128.0K  /vmfs/volumes/5aea3a14-7bec6dec-0de5-0cc47a733796/.locker/var/tmp
    128.0K  /vmfs/volumes/5aea3a14-7bec6dec-0de5-0cc47a733796/.locker/var/core
    384.0K  /vmfs/volumes/5aea3a14-7bec6dec-0de5-0cc47a733796/.locker/var
    128.0K  /vmfs/volumes/5aea3a14-7bec6dec-0de5-0cc47a733796/.locker/downloads
    71.8M   /vmfs/volumes/5aea3a14-7bec6dec-0de5-0cc47a733796/.locker/log
    128.0K  /vmfs/volumes/5aea3a14-7bec6dec-0de5-0cc47a733796/.locker/core
    128.0K  /vmfs/volumes/5aea3a14-7bec6dec-0de5-0cc47a733796/.locker/vmware/loadESX
    256.0K  /vmfs/volumes/5aea3a14-7bec6dec-0de5-0cc47a733796/.locker/vmware
    128.0K  /vmfs/volumes/5aea3a14-7bec6dec-0de5-0cc47a733796/.locker/packages
    72.9M   /vmfs/volumes/5aea3a14-7bec6dec-0de5-0cc47a733796/.locker/
    
    
    So it doesn't look like a big deal.

    If you want to configure yours, you could look at this:

    VMware Knowledge Base

    Also there's this:

    VMware Knowledge Base

    To workaround this limitation:

    Code:
    [LIST=1]
    [*]Connect to the ESXi host via SSH. For more information, see Using Tech Support Mode in ESXi 4.1 and ESXi 5.x (1017910).
    [*]Back up the existing boot.cfg file, located in /bootbank/, using this command:
    
    cp /bootbank/boot.cfg /bootbank/boot.bkp
     
    [*]Open the boot.cfg file using VI editor. For more information, see Editing files on an ESX host using vi or nano (1020302).
    [*]Modify the following line:
    
    kernelopt=no-auto-partition
    
    to
    
    kernelopt=autoPartition=TRUE skipPartitioningSsds=TRUE autoPartitionCreateUSBCoreDumpPartition=TRUE
     
    [*]Save and close the boot.cfg file.
    [*]Restart the ESXi host.
    [/LIST]
    
    
     
    #25
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  6. cheezehead

    cheezehead Active Member

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    IMO, it's getting to the point that smaller SSDs are so cheap the only reason to look at thumb drive booting is because your out of SATA ports. SATADOMs work as well but are 2-3x the cost of a smaller SATA SSD.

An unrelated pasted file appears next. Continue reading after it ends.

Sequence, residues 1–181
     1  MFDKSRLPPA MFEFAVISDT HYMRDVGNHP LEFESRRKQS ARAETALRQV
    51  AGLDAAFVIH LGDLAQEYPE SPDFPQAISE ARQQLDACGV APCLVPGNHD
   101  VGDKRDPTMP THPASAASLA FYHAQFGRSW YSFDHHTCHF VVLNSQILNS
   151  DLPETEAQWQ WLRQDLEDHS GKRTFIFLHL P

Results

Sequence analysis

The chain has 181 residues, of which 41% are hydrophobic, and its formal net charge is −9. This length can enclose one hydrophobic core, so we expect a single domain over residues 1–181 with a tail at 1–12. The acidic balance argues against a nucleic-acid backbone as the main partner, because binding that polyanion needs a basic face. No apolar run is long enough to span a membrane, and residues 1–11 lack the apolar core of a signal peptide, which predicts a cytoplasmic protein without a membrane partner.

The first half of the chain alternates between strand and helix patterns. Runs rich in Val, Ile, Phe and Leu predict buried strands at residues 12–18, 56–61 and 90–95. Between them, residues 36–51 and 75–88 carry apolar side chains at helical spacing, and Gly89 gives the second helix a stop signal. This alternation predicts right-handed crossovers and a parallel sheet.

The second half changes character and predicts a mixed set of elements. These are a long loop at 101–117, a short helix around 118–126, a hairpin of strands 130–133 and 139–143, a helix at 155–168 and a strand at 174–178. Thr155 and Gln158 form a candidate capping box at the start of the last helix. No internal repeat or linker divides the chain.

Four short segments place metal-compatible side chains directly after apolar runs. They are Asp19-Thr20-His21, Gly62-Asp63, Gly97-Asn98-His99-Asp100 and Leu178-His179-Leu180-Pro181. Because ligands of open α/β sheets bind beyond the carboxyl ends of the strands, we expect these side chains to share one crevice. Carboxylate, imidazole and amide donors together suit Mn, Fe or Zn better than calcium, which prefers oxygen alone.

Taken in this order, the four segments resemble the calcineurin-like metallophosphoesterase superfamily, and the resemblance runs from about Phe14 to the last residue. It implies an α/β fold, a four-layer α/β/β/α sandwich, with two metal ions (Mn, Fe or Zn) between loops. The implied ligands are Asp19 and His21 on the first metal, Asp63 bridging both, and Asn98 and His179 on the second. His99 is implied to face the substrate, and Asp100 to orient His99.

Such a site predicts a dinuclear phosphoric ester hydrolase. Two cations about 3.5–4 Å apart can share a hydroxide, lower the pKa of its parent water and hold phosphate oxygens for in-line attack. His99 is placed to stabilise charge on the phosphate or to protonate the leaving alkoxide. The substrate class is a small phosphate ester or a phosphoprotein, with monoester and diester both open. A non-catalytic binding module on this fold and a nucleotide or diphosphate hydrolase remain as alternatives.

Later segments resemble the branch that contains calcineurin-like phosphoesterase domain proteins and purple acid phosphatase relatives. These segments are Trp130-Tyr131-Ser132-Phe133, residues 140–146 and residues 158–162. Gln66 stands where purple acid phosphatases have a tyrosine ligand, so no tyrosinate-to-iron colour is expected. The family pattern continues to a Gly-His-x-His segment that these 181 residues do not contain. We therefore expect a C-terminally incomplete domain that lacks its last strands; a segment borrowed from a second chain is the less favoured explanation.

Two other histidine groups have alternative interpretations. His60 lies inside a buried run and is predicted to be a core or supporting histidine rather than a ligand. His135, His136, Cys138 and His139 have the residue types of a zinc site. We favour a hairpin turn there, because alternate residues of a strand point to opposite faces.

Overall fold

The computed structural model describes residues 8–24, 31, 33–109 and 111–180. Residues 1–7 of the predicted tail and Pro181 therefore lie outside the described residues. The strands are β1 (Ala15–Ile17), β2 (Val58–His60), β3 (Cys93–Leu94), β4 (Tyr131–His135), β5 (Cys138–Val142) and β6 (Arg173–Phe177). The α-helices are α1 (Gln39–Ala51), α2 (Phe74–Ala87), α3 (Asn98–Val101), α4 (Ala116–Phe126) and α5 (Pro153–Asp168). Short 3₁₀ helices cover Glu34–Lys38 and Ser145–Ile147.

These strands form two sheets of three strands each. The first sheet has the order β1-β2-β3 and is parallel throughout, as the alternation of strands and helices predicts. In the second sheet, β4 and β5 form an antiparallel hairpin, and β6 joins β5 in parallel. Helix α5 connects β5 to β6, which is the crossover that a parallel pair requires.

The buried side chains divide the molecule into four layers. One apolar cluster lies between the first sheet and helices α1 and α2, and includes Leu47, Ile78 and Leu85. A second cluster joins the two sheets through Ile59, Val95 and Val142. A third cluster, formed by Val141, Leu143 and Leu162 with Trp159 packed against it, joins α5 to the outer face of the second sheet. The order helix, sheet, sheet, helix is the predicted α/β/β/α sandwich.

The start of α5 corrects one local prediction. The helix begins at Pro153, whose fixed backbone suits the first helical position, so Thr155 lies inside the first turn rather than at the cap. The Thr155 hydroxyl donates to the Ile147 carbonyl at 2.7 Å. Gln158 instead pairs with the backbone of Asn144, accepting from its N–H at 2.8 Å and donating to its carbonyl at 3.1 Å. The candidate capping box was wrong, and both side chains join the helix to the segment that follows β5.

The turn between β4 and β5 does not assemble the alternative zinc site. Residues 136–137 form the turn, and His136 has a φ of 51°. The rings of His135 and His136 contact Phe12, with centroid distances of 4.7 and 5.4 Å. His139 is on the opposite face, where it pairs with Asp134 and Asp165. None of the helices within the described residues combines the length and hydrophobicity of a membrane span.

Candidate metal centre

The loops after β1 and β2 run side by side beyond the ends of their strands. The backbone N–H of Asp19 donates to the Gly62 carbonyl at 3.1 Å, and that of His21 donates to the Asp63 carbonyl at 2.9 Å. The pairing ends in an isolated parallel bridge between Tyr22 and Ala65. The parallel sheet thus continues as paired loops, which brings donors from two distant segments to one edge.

#26
  7. BennyT

    BennyT Member

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    Patrick posted a link to an old 80GB intel someone was selling on ebay for $20 and free shipping. I bought one :) how could I go wrong? I'll try to revive that old ssd with secure erase once it arrives.
     
    #27
    Last edited: Jan 18, 2019
  8. BennyT

    BennyT Member

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    I must say, that was a good purchase. I updated to latest firmware then used diskpart to clean the drive. Health shows "Good" condition and 100% life remaining. Not bad for $20. I think it will make for a fine esxi boot drive and store persistant logs. Thanks patrick!

    -Benny

    upload_2019-1-18_22-21-38.png
     
    #28
  9. leonroy

    leonroy Member

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    I’ve used USB sticks for years but after a few failures (Sandisk 16GB drives) I’ve switched to small, cheap SSDs or SATA DOMs for servers in critical or remote locations.

    If you check Digi-Key for the decent industrial grade SD cards or USB sticks you’ll see they cost upwards of $50 for a 16GB module. I don’t think consumer grade USB sticks are a good idea in mission critical servers.
     
    #29
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  10. AveryFreeman

    AveryFreeman ESXi + ( ILLUMOS / ZFS ) = HAPPY

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    I would agree with that. None of my stuff is mission-critical, unfortunately I'm no pro - just a homelabber trolling the interwebs (it's a series of tubes!).

    That being said, I don't think I've had to replace more than 1 usb key in 4 years of running up to 3 ESXi host off of 8-16GB Sandisk cruz slider 2.0s or fit 3.0 16GBs (I did upgrade at one point).

    The only usb key that ever died on me was the cruz slider and who knows how many OS installation images had been put on that flash before it was graced by the presence of ESXi.
     
    #30
    leonroy likes this.